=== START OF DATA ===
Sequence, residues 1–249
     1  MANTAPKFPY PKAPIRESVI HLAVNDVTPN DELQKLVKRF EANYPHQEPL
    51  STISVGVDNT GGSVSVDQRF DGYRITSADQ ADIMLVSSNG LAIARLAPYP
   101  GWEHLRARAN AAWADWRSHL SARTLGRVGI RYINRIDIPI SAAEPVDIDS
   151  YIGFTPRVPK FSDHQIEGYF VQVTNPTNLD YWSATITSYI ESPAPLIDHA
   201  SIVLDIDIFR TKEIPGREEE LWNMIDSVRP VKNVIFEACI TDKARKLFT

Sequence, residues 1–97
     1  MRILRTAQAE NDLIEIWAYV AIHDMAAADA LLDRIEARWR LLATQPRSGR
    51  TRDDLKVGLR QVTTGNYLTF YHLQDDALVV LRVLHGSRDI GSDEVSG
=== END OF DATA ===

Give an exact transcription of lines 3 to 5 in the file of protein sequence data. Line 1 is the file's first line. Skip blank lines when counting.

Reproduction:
    51  STISVGVDNT GGSVSVDQRF DGYRITSADQ ADIMLVSSNG LAIARLAPYP
   101  GWEHLRARAN AAWADWRSHL SARTLGRVGI RYINRIDIPI SAAEPVDIDS
   151  YIGFTPRVPK FSDHQIEGYF VQVTNPTNLD YWSATITSYI ESPAPLIDHA